First Orion European Space Module Delivered

The European Space Module arrived in Florida for the upcoming 2020 Orion Exploration Mission 1.

NASA’s Orion spacecraft will carry astronauts further into space than ever before using a European Space Module. (Image source: NASA)

The first European Space Module  (ESM) just arrived in Titusville, Florida in preparation for its installation on the next-generation Orion  multi-purpose crew vehicle and testing at NASA’s Kennedy Space Center . With Orion capsule testing and the ESM delivery milestone complete, NASA  is two years out from Orion Exploration Mission 1 (EM-1) – the program’s unmanned spacecraft validation mission around the Moon in 2020.

An artist’s impression of the ESM directly below the Orion capsule (Image source: ESA)
ESA’s ATV-4 – the basis for the Orion Program’s ESM, approached ISS in 2013. (Image source: NASA/ESA)
The ESM is loaded into a Volga-Dnepr Airlines Antonov An-124-100 commercial transport aircraft for transport to Florida. (Image source: Volga-Dnepr Airlines)

Developed and built by the European Space Agency  (ESA) and Ottobrunn, Germany-based Airbus Defence and Space , the ESM will provide space propulsion and course correction once the Orion spacecraft separates from the Space Launch System  heavy-lift launch vehicle. The module will also supply the Orion spacecraft with power, water, and thermal control.

Read more: Final Orion capsule parachute system test successful

The cylindrical ESM resembles ESA’s Automated Transfer Vehicle  (ATV) developed by the European agency to deliver payload mass – or upmass – to the ISS. Including the main engine and propellant tanks, the ESM is four meters long with a 19-meter-wide solar array. The module has one main engine that delivers forward thrust and 32 smaller thrusters for omnidirectional course correction. In total, the ESM propulsion system uses approximately 9 tons of propellant.

The 14-ton ESM was transported from an ESA facility in Bremen, Germany in a special temperature- and pressure-controlled container aboard a Volga-Dnepr Airlines  Antonov  An-124-100 commercial transport aircraft. The transport aircraft also brought with it 10 tons of ESM support equipment.

“It is an honor for us to be supporting such a significant and historic endeavor. Providing specialist transportation for the aerospace industry is one of Volga-Dnepr Airlines’ key areas of expertise and every year we operate more than 50 flights carrying various space cargoes, including satellites, parts of spacecraft, rockets, and boosters,” says Volga-Dnepr Airlines Executive President for Cargo Charter Operations, Konstantin Vekshin.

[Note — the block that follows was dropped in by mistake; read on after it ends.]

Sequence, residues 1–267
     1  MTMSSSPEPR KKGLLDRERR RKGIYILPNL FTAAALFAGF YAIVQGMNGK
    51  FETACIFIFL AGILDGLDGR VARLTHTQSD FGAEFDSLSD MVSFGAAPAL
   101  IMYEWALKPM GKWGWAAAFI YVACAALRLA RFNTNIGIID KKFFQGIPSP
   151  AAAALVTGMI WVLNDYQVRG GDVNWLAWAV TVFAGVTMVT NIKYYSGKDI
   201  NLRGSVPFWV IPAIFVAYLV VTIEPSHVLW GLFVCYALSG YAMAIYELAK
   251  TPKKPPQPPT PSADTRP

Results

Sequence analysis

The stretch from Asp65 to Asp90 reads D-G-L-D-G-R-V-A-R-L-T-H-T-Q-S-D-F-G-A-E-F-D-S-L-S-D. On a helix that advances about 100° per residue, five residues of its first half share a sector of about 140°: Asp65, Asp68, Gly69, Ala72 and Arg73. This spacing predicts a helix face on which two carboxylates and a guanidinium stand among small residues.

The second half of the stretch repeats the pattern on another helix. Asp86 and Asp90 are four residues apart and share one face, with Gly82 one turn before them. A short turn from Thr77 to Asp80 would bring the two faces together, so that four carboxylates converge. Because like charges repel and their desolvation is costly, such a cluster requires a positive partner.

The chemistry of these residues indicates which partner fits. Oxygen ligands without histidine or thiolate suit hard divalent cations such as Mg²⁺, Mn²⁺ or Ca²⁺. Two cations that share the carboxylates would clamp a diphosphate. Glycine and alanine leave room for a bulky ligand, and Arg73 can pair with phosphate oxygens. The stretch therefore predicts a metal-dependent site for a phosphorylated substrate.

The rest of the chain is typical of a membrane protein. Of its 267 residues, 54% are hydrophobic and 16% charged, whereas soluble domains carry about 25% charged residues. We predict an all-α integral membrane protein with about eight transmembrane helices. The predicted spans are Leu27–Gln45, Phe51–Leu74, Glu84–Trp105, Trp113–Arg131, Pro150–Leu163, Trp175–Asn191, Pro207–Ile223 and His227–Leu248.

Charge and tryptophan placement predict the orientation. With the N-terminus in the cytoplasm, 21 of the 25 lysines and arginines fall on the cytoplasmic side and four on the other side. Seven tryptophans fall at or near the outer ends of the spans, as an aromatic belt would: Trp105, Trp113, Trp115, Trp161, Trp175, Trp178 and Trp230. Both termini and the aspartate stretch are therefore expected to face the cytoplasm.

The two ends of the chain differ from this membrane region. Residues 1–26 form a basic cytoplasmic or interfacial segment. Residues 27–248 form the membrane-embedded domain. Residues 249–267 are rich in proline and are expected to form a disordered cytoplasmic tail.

For 30 years, the An-124 held the title of world's heaviest gross weight production cargo airplane until the development of the Boeing 747-8 Freighter  in 2005. The An-124 still remains the largest military transport aircraft in the world.

“The unique capabilities of our Antonov 124-100 and Ilyushin 76TD-90VD freighters, with their ramp loading capabilities and onboard crane systems, combined with our three decades of experience, enables our team of experts to provide safe, secure, time-saving, and cost-efficient solutions for deliveries of such important and sensitive cargoes. We wish this unique, history-changing space mission every success,” continues Vekshin.

These partnerships and exploration missions are exactly the foundation needed for space technology development.

For the last 40 years, humans have been travelling into low-Earth orbit. In 2022, two years after EM-1, Orion will take astronauts beyond low-Earth orbit, further into space than ever before to collect scientific data and develop enabling technologies – potentially for when the time comes to send humans to Mars of further.

Orion’s course for the EM-1 mission and for future manned missions exceed distances travelled by astronauts since Apollo 17 – the last lunar landing – in 1972. (Image source: Airbus Defence and Space)

William Kucinski  is content editor at SAE International, Aerospace Products Group in Warrendale, Pa. Previously, he worked as a writer at the NASA Safety Center in Cleveland, Ohio and was responsible for writing the agency’s System Failure Case Studies. His interests include literally anything that has to do with space, past and present military aircraft, and propulsion technology.

Contact him regarding any article or collaboration ideas by e-mail at This email address is being protected from spambots. You need JavaScript enabled to view it..